These factors, he noted, would also put pressures on the nation’s land and water resources, adding that the county must invest in research and development to enhance yields and outputs.
The president also pointed out that since Nigeria was not insulated from global and regional issues, it must “develop local programmes, but not lose sight of events from afar and their impact on us, specifically, issues such as smuggling and dumping. It is our responsibility to ensure we develop and enforce strategies to protect Nigeria from these illegal and unhealthy imports.”
Speaking further on the Council’s mandate, Buhari said: “Our deliberations will look into all the issues and our decisions will be implementable and impactful. We shall stay focused, first and foremost, on securing our food requirements and employment for our people, especially the youths. We shall feed ourselves and build an inclusive Nigeria for ourselves and for future generations.”
Speaking to State House correspondents after the meeting Kebbi State governor, Atiku Bagudu, said the president had captured the main objectives of the food security council to include strengthening all existing policies on food security including policies on trade, agronomy, national planning and national security.
According to him, the design was to bring all states together to deliver food security to Nigeria.
On his part, Delta State governor, Dr. Ifeanyi Okowa, noted that governors were appointed into the council from the six geo-political zones of the country, and said that each governor spoke on food security at it affects his zone during the inauguration.
Okowa remarked that, in the last few years, a lot had been done on rice production which, he said, had reduced the amount of money hitherto spent on rice importation, adding that the trend had given confidence that, in no time, Nigeria would be self-sufficient in rice production.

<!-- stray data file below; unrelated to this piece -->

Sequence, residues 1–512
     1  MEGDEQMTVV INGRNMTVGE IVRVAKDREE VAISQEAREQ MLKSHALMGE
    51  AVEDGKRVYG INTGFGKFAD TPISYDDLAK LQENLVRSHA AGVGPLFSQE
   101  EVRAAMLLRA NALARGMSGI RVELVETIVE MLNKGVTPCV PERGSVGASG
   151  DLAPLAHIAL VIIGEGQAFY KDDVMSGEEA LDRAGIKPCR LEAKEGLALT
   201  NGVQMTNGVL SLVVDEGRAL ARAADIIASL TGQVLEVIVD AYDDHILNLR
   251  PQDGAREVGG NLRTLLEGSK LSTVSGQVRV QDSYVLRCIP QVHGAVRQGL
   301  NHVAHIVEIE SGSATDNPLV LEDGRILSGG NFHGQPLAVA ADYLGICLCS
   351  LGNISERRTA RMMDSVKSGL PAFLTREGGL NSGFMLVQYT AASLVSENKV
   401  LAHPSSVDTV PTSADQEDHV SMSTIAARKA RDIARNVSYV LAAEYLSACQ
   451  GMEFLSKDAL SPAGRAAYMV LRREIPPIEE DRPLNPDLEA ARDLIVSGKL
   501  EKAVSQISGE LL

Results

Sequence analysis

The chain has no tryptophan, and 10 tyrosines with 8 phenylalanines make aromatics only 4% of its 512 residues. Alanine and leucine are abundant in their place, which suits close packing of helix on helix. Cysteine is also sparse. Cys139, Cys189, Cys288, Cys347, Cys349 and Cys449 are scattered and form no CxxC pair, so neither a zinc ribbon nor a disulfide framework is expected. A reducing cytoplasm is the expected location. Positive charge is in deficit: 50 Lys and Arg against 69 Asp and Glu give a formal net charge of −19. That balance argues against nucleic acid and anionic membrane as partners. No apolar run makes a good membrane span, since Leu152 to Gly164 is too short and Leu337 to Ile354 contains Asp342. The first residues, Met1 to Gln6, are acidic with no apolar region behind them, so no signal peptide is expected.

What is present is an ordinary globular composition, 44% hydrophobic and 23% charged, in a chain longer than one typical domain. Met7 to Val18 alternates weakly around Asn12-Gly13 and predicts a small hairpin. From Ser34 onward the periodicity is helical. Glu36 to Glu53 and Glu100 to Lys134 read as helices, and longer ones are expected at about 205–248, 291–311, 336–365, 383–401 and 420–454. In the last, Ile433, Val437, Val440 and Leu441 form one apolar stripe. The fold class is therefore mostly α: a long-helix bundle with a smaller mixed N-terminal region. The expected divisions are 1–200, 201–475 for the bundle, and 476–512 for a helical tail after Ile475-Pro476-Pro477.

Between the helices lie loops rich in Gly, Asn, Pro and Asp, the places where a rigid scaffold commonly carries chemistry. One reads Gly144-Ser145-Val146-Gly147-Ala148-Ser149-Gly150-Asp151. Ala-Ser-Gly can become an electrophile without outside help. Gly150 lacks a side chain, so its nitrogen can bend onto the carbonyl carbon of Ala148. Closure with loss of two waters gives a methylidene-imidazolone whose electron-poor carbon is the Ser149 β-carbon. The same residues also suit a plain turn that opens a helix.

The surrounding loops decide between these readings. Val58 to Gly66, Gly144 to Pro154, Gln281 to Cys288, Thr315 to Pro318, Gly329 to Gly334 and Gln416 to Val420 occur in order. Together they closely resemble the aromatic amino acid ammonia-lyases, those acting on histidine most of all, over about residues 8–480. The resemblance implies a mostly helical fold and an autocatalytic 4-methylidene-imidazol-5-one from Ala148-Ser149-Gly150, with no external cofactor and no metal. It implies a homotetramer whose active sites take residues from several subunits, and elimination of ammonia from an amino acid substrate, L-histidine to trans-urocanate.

He also revealed that the council discussed the need to develop oil palm plantations and spend a lot of money on wheat production with a view to achieving self sufficiency in them.
In his own briefing, the chief of defence staff, General Gabriel Olonisakin, said the military was aware of security challenges facing the nation and listed such challenges to include farmers-herders’ clashes and militancy, which, he noted, all have direct effects on the food value chain.
Submitting that the job of the military is to ensure that a safe environment is guaranteed for food production, Olonisakin listed measures put in place by the armed forces to achieve such a safe environment to include Operations Lafiya Dole in North East, Nawase in Niger Delta, Sarendaji in North West and Safe Haven in Jos.
On his part, the minister of trade, industry and investment, Dr. Okechukwu Enelamah, said the newly inaugurated council looked at all dimensions of food security, including the amount of money invested in food production and industry value chain.
The minister said the council would look at the comparative advantage emerging from these and also provide incentives aimed at encouraging local production as well as its sustainability.
For the Lagos State governor, Akinwumi Ambode, the inauguration of the council marked the beginning of a paradigm shift in the economy of Nigeria.
He said the decision of the president to personally chair the council marked the commencement of the framework meant to take Nigeria from a monolithic economy to a diversified one.
According to him, the council would address issues bordering on agriculture and national security, just as he stated that everything that will guarantee the security of the nation in all spheres is encapsulated in the council.
On his part, the minister of state for environment, Malam Usman Jubrin, remarked that if Nigeria must move forward, issues bordering on climate change must be addressed, especially as they affect agricultural activities, including pollution in the Niger Delta.